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From: DICT.TW English-Chinese Dictionary 英漢字典

 pal·ace /ˈpæləs/

From: Webster's Revised Unabridged Dictionary (1913)

 Pal·ace n.
 1. The residence of a sovereign, including the lodgings of high officers of state, and rooms for business, as well as halls for ceremony and reception.
 2. The official residence of a bishop or other distinguished personage.
 3. Loosely, any unusually magnificent or stately house.
 Palace car. See under Car.
 Palace court, a court having jurisdiction of personal actions arising within twelve miles of the palace at Whitehall.  The court was abolished in 1849. [Eng.]

From: WordNet (r) 2.0

      n 1: a large and stately mansion [syn: castle]
      2: the governing group of a kingdom; "the palace issued an
         order binding on all subjects"
      3: a large ornate exhibition hall
      4: official residence of an exalted person (as a sovereign)

From: Easton's 1897 Bible Dictionary

    Used now only of royal dwellings, although originally meaning
    simply (as the Latin word palatium, from which it is derived,
    shows) a building surrounded by a fence or a paling. In the
    Authorized Version there are many different words so rendered,
    presenting different ideas, such as that of citadel or lofty
    fortress or royal residence (Neh. 1:1; Dan. 8:2). It is the name
    given to the temple fortress (Neh. 2:8) and to the temple itself
    (1 Chr. 29:1). It denotes also a spacious building or a great
    house (Dan. 1:4; 4:4, 29: Esther 1:5; 7:7), and a fortified
    place or an enclosure (Ezek. 25:4). Solomon's palace is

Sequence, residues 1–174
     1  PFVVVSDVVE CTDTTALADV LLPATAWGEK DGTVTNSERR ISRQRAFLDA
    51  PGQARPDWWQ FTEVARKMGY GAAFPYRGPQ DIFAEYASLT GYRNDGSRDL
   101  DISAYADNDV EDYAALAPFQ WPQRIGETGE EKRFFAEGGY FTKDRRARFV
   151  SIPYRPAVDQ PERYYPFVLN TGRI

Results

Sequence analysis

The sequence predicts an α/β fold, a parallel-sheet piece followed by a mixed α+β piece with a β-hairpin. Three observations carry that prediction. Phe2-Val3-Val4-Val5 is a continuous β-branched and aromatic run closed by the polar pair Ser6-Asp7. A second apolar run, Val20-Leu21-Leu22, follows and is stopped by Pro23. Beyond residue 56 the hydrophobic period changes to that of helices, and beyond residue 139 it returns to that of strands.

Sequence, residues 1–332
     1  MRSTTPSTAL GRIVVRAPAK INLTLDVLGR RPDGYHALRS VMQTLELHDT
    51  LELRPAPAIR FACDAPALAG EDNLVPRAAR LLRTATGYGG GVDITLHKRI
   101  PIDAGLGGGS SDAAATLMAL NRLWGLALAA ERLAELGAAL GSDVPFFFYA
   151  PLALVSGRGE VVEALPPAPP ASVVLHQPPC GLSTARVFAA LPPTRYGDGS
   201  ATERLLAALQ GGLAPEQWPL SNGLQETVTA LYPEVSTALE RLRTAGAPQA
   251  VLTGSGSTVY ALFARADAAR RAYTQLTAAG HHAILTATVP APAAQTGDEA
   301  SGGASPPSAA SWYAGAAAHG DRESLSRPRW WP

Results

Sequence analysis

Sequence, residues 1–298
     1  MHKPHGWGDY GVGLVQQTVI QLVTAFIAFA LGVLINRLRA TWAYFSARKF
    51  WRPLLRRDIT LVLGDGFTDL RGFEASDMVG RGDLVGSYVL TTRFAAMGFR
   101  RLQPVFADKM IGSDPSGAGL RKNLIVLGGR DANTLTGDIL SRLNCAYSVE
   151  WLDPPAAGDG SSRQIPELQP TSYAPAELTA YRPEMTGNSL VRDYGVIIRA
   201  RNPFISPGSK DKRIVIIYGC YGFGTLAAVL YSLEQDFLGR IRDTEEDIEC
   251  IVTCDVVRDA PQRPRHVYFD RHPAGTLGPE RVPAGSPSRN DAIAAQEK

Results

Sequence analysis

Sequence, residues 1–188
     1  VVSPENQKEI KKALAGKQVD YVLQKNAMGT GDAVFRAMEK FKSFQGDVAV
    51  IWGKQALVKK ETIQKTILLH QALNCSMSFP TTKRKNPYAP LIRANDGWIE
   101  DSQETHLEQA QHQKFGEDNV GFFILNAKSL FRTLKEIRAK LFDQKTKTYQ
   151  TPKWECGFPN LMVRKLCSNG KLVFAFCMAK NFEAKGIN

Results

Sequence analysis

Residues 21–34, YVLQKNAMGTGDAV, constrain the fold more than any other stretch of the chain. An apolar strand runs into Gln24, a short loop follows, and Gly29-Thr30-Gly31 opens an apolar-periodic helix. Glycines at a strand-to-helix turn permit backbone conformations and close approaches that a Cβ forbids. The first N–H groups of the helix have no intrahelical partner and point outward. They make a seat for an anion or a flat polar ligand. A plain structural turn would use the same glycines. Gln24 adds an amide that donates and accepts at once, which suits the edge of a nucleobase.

described in 1 Kings 7:1-12 as a series of buildings rather than
    a single great structure. Thirteen years were spent in their
    erection. This palace stood on the eastern hill, adjoining the
    temple on the south.
      In the New Testament it designates the official residence of
    Pilate or that of the high priest (Matt. 26:3, 58, 69; Mark
    14:54, 66; John 18:15). In Phil. 1:13 this word is the rendering
    of the Greek praitorion, meaning the praetorian cohorts at Rome
    (the life-guard of the Caesars). Paul was continually chained to
    a soldier of that corps (Acts 28:16), and hence his name and
    sufferings became known in all the praetorium. The "soldiers
    that kept" him would, on relieving one another on guard,
    naturally spread the tidings regarding him among their comrades.
    Some, however, regard the praetroium (q.v.) as the barrack
    within the palace (the palatium) of the Caesars in Rome where a
    detachment of these praetorian guards was stationed, or as the
    camp of the guards placed outside the eastern walls of Rome.
      "In the chambers which were occupied as guard-rooms," says Dr.
    Manning, "by the praetorian troops on duty in the palace, a
    number of rude caricatures are found roughly scratched upon the
    walls, just such as may be seen upon barrack walls in every part
    of the world. Amongst these is one of a human figure nailed upon
    a cross. To add to the 'offence of the cross,' the crucified one
    is represented with the head of an animal, probably that of an
    ass. Before it stands the figure of a Roman legionary with one
    hand upraised in the attitude of worship. Underneath is the
    rude, misspelt, ungrammatical inscription, Alexamenos worships
    his god. It can scarcely be doubted that we have here a
    contemporary caricature, executed by one of the praetorian
    guard, ridiculing the faith of a Christian comrade."